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RIAA: BIZ REVS BROKE
$5 BILLION IN H1

Streaming, not surprisingly, plays the starring role in the RIAA’s midyear revenue report. In the first half of 2019, total revenues grew 18% to $5.4 billion, which projects to a $10 billion-plus year; if that occurs it would be the first time the industry has hit that milestone since 2007. Streaming music accounted for 80% of industry revenues, which grew 26% to $4.3b for the half year.

Paid subscriptions led the way, generating $3.3b, or 77% of streaming revenues during H1, and 62% of overall revenues, as subscriptions hit 61.1m, a robust 30% uptick, with more than 1m new subscribers ponying up each month over the last 12 months. Ad-supported revenues, meanwhile, rose 25% to $427m—though still a mere 10% of the overall streaming pie.

Digital downloads decayed by 18% to $462m, as track sales lost 16% year-over-year, while digital-album sales suffered a 23% drop. Physical revenues, on the other hand, were up 5% to $485m—but, the RIAA points out, this growth was the result of a reduction in physical product returns, and on a gross basis the revenues from physical product would have been down. Vinyl grew 13% to $224m, or 4% of total revenues.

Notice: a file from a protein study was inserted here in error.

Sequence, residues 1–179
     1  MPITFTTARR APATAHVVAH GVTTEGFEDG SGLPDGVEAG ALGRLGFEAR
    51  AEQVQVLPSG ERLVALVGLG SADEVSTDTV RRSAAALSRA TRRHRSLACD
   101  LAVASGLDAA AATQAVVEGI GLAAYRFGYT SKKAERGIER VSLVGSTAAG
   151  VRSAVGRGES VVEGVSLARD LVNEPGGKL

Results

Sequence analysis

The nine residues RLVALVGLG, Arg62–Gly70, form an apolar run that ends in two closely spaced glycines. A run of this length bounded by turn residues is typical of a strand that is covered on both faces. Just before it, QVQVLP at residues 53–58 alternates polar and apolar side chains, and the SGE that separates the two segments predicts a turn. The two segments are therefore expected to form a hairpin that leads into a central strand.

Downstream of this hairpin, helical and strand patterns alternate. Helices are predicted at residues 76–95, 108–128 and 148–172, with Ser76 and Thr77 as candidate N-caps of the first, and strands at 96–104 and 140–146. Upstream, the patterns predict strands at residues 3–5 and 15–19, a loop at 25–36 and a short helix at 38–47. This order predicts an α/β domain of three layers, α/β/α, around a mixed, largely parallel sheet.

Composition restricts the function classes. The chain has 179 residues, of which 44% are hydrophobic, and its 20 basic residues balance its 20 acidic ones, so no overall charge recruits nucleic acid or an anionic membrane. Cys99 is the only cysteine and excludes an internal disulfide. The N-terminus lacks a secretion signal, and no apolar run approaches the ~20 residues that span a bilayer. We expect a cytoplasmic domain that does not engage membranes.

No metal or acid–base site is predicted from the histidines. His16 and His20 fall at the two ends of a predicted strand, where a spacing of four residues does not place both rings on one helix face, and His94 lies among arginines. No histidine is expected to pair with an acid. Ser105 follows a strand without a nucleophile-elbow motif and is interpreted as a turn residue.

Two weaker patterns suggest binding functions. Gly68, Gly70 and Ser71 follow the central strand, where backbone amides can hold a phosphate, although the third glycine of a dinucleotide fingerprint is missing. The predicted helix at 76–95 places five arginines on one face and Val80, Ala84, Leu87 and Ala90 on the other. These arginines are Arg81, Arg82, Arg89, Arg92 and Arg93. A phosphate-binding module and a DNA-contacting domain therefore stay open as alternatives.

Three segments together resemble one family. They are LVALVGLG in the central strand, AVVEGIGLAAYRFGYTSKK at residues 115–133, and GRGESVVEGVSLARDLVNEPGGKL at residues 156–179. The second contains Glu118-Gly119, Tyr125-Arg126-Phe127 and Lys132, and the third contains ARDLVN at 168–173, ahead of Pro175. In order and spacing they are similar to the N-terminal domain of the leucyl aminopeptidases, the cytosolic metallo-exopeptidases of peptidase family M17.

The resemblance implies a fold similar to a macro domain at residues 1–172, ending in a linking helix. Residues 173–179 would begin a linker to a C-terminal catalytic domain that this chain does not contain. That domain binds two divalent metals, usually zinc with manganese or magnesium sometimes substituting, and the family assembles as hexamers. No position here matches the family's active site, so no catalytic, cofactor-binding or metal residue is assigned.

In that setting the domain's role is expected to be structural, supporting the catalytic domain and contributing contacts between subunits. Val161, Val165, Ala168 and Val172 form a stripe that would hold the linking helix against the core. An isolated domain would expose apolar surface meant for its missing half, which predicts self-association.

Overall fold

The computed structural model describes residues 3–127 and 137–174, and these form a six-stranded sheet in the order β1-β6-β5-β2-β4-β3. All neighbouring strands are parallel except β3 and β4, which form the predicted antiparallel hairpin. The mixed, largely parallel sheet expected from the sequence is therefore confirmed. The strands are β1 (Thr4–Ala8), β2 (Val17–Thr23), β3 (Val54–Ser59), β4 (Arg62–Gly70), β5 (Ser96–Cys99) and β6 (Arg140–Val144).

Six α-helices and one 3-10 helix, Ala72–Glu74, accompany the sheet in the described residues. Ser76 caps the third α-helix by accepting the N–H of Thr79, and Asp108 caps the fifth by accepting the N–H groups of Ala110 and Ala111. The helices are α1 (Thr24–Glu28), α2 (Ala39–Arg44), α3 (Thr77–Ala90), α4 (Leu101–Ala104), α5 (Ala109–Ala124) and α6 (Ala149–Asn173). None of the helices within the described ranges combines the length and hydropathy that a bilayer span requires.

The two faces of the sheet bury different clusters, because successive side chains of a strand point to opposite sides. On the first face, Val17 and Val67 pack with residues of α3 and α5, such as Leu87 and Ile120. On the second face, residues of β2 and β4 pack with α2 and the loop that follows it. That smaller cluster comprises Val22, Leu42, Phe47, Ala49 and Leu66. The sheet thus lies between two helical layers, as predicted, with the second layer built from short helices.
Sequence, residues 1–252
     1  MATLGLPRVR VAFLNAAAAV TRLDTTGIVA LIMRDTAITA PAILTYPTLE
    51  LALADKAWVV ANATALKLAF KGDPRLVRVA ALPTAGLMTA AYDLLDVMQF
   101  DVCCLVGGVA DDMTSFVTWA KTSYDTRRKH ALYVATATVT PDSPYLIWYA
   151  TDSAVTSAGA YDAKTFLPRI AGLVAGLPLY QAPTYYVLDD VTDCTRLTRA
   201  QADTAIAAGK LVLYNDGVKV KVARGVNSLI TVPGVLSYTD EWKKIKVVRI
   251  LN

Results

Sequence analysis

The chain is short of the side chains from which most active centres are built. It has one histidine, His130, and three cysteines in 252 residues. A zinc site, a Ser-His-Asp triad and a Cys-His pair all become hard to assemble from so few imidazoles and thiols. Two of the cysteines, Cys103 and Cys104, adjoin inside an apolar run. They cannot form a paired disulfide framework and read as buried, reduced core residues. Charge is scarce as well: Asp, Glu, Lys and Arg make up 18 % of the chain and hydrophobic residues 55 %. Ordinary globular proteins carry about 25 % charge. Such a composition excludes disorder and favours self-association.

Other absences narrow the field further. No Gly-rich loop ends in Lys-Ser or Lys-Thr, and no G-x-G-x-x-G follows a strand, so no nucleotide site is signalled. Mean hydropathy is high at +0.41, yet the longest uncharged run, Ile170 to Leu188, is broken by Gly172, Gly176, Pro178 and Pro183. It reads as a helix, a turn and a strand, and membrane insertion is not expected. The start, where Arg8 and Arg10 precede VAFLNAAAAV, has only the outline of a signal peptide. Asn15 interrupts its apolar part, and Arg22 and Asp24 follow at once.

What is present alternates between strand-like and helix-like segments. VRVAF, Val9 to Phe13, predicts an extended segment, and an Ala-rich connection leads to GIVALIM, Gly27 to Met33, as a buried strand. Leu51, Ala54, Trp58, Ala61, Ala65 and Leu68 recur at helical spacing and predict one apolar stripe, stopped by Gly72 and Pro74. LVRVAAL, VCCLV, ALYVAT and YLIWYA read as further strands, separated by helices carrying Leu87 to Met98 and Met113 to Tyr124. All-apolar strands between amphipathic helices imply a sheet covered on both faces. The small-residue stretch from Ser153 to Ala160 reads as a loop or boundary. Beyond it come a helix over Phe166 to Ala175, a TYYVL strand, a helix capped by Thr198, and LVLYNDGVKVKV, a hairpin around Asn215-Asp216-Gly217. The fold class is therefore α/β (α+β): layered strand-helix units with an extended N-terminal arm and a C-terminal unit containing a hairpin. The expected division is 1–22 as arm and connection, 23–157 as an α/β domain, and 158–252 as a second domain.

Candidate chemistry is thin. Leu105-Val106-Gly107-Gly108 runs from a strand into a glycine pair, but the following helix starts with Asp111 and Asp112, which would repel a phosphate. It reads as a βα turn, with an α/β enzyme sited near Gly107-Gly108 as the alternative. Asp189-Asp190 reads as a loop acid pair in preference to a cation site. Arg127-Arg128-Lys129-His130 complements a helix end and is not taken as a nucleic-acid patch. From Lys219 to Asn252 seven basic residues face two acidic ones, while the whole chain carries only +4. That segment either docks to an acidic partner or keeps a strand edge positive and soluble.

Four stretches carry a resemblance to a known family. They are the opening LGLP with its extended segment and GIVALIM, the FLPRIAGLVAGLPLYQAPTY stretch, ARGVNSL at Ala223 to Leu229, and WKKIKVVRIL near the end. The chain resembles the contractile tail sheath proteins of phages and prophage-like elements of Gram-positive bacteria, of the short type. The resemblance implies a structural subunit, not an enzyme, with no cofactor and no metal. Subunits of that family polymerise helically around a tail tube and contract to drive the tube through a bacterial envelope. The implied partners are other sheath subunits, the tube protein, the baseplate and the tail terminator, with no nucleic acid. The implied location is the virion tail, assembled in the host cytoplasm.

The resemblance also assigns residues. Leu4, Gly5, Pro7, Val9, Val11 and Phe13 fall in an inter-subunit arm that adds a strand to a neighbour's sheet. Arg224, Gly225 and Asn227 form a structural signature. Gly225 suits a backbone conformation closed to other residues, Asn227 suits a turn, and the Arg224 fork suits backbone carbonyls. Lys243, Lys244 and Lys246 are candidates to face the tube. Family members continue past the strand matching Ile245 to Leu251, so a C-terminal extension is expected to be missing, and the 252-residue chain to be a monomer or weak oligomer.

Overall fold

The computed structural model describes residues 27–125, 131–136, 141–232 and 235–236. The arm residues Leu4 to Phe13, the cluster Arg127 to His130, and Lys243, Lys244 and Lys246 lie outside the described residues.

These stats are “great news for the music business and for the U.S. economy overall,” says RIAA Chairman/CEO and head cheerleader Mitch Glazier (pictured) in a blog post. “Music contributes $143 billion to the nation’s GDP every year, supporting more than 157,000 music-related businesses and nearly 2 million jobs. A healthy music economy fuels a healthy American economy.”

He also takes a thinly veiled shot at YouTube, hailing the labels his org represents for “fighting to shut down industrial piracy and stream-ripping operations [and] standing up to Big Tech platforms that have avoided accountability to exploit artists and grossly underpay for music.”

Glazier points out that record companies spend nearly $6b a year worldwide on signing and developing new acts, who represent around 20% of major-label rosters on average. He’s hardly the first to describe the A&R/artist-development sector as “the lifeblood of the business,” nor will he be the last.

 

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